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Court upholds tracking suspects with GPS

A convicted sex offender being tracked as a suspect in a string of sexual assaults, did not have his rights violated when Fairfax police secretly placed a global positioning system (GPS) device on his vehicle without a warrant, the Virginia Court of Appeals ruled Tuesday.

After 11 attacks on women in eastern Fairfax County in 2008, many in the Falls Church area, detectives zeroed in on David L. Foltz because he lived in the area and was previously convicted of rape. He had served 17 years in prison and was released in 2007.

Detectives placed a GPS device inside the bumper of a van he used for work, which was parked on the street in front of his house. The device later showed that Foltz had been near one of the attacks.

Police then decided to follow Foltz, with the help of the GPS device, and actually witnessed him tackle and drag a woman. He was arrested, convicted of abduction with intent to defile and given a mandatory life sentence for his second felony sex offense.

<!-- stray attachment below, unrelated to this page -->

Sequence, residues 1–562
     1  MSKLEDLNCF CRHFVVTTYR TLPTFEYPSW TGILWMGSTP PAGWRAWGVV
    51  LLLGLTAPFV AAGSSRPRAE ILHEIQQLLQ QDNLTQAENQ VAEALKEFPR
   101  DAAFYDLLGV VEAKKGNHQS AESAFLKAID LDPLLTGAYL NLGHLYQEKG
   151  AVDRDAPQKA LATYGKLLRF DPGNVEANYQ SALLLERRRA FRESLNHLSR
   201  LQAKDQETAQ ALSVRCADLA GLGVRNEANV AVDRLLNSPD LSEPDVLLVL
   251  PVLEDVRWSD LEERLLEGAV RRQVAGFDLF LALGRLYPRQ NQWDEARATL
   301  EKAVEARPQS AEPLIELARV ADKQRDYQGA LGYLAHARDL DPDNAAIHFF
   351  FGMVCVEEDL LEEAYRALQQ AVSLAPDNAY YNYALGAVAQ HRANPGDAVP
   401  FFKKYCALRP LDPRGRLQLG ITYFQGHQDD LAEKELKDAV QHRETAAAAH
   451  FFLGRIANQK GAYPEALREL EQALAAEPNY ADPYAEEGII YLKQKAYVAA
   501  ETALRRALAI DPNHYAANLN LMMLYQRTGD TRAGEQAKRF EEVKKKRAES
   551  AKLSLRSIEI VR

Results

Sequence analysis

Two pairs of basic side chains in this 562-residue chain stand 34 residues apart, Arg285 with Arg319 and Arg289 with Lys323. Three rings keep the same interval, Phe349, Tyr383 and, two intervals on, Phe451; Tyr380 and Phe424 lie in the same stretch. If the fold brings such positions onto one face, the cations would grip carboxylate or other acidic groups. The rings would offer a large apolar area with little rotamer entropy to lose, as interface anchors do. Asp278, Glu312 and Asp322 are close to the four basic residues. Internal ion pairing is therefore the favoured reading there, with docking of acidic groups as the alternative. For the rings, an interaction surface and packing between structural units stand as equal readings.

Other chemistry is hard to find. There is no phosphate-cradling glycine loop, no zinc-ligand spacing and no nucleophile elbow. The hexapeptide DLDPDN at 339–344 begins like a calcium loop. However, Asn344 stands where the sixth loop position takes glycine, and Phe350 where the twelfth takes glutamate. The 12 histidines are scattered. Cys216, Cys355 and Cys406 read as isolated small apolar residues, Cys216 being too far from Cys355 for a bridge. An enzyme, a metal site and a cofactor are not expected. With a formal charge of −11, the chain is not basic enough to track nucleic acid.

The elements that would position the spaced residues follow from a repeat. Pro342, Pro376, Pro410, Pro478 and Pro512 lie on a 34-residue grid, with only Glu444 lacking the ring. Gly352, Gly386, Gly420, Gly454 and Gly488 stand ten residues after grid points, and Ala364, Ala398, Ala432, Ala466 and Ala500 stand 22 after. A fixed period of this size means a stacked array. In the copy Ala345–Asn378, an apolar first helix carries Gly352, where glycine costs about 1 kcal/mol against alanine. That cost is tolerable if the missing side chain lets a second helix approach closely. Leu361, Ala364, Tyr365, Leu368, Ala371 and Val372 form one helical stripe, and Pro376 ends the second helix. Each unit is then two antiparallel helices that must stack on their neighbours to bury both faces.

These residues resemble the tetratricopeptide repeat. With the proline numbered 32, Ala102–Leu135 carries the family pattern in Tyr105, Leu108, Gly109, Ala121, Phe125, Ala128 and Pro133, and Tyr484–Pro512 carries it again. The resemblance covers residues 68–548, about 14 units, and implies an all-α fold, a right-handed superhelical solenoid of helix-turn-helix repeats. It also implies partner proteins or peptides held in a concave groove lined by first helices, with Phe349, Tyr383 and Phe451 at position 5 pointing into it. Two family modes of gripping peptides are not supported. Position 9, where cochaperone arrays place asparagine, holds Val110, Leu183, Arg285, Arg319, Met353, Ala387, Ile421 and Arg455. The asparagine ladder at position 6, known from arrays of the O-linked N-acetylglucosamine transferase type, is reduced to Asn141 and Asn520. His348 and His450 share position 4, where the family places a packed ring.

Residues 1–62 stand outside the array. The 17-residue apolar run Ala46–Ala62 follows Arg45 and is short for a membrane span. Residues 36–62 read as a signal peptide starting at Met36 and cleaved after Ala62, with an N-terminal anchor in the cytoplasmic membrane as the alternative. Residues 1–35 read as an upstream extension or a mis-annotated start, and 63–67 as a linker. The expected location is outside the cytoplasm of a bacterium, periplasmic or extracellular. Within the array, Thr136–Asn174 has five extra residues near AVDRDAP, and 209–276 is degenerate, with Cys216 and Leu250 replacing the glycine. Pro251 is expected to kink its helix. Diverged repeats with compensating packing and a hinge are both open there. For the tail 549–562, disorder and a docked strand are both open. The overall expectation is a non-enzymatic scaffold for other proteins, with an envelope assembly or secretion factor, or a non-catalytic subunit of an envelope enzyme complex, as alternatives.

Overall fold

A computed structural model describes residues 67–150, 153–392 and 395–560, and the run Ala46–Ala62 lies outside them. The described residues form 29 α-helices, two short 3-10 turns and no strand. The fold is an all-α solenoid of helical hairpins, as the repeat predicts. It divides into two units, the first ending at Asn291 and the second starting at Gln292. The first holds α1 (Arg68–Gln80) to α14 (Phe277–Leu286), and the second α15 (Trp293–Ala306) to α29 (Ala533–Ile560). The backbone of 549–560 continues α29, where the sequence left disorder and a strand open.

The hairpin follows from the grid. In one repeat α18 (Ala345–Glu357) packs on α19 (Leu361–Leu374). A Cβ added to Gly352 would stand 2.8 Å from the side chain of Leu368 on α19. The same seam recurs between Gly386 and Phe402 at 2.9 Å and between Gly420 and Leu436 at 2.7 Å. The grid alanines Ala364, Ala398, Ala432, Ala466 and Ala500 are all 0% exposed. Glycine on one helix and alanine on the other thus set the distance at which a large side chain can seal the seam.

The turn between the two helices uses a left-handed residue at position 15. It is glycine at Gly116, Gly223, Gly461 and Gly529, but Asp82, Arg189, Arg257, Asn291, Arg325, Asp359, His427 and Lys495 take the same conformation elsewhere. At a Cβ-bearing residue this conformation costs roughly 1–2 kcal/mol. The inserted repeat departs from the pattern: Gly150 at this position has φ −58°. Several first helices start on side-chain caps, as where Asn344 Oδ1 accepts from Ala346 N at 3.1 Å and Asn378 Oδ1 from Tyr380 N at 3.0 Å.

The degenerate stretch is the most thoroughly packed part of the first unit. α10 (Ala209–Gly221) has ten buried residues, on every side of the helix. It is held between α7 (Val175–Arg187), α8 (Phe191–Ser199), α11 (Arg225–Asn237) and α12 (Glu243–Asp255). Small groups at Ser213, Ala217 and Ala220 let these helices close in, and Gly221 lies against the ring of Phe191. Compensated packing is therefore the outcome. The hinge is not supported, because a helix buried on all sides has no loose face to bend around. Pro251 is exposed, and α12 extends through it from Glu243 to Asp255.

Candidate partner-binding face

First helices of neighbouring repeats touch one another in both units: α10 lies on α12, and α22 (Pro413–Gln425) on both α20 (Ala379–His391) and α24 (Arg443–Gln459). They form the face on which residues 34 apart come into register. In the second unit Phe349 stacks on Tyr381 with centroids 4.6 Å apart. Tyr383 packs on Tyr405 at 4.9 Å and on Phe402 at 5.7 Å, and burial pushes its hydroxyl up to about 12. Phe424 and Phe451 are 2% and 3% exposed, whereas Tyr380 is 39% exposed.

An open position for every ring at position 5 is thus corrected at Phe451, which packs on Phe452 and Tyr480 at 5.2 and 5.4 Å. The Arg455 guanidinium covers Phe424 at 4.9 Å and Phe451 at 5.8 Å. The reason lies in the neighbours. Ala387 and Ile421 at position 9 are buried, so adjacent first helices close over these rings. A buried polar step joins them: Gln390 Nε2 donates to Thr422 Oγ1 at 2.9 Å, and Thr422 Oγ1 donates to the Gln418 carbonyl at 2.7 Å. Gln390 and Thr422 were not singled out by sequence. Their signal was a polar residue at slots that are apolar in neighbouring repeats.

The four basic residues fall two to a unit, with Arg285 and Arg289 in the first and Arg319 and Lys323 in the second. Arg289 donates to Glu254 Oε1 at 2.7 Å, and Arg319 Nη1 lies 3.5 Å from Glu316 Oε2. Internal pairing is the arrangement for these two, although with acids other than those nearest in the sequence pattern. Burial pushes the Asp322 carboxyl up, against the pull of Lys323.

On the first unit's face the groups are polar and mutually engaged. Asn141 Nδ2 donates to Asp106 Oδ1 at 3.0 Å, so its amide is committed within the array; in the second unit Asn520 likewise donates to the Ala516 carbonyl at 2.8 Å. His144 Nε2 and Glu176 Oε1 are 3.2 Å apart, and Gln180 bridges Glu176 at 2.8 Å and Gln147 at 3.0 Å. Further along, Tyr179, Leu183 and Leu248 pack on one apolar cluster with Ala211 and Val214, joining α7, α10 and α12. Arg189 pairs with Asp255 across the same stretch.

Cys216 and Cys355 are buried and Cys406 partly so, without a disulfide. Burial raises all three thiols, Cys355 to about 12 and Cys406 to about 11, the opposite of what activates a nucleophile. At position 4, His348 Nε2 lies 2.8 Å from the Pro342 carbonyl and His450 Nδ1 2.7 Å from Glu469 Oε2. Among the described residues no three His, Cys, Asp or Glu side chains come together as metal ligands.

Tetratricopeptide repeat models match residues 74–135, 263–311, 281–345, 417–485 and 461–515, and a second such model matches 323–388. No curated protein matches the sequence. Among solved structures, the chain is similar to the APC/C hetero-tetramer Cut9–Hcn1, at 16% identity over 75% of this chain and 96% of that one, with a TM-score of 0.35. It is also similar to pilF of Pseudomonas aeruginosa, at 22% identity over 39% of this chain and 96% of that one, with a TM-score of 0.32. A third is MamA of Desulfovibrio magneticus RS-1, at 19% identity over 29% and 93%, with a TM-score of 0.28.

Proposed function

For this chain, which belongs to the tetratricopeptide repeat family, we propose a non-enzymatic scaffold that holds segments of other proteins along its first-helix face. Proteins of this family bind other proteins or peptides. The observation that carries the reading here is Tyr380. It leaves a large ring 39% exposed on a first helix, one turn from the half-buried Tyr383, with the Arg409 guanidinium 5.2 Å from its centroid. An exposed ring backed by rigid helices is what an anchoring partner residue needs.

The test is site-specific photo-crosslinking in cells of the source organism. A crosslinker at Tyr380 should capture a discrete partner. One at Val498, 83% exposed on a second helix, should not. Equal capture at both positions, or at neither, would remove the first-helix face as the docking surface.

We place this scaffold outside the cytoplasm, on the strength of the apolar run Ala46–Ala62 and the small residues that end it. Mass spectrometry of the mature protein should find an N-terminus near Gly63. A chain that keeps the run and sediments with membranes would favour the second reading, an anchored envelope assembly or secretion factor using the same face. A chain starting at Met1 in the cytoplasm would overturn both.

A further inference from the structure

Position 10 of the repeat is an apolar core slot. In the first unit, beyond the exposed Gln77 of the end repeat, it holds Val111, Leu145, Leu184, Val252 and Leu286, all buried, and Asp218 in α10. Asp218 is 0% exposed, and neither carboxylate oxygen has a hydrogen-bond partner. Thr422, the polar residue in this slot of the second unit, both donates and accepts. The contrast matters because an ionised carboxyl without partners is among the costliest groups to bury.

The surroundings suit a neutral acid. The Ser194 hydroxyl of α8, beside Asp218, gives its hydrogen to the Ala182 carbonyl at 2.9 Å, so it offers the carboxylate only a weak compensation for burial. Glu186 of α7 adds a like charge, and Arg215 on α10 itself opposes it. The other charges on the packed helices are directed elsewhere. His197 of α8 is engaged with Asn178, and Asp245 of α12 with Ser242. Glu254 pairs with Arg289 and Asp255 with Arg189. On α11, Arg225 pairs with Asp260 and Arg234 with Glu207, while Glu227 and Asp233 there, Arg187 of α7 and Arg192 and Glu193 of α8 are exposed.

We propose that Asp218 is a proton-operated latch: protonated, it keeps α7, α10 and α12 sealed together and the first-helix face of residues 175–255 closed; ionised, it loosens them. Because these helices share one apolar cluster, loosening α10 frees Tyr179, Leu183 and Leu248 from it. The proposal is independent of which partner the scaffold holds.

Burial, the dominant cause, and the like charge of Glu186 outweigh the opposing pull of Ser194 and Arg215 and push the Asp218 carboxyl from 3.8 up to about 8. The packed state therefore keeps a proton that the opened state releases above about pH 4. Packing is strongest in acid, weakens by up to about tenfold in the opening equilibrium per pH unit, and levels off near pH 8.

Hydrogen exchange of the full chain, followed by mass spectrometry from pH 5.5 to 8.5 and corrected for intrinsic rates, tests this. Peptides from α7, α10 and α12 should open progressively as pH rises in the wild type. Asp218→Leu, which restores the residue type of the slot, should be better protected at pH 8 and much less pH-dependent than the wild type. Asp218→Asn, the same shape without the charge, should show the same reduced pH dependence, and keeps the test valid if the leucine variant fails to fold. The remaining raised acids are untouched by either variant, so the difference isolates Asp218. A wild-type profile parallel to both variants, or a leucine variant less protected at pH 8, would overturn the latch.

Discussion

Foltz's lawyers, Christopher Leibig and Andrea Moseley of Alexandria, challenged the use of the GPS in hearings before Foltz's trial, raised the issue again in his appeal. But the opinion, written by Judge Randolph A. Beales, concluded that "the police used the GPS device to crack this case by tracking appellant on the public roadways – which they could, of course, do in person any day of the week at any hour without obtaining a warrant."

Beales also wrote that "The fact that the police used technology to follow the van’s movements on public streets, therefore, did not somehow invade appellant’s recognized
privacy interests because the GPS did not act as a substitute for unconstitutional police action."

Two federal cases on the GPS issue reached different conclusions, meaning that the question may be headed for the U.S. Supreme Court. In January, a federal appeals court in California ruled that the use of a GPS on an Oregon man's vehicle was not a violation of the Fourth Amendment's holding against unreasonable search and seizure. But last month, a D.C. appeals court ruled that such GPS use was a Fourth Amendment violation.

-- Tom Jackman

By Tom Jackman  |  September 7, 2010; 2:31 PM ET
Categories:  Fairfax , Falls Church , From the Courthouse , Technology , Tom Jackman , Updates  
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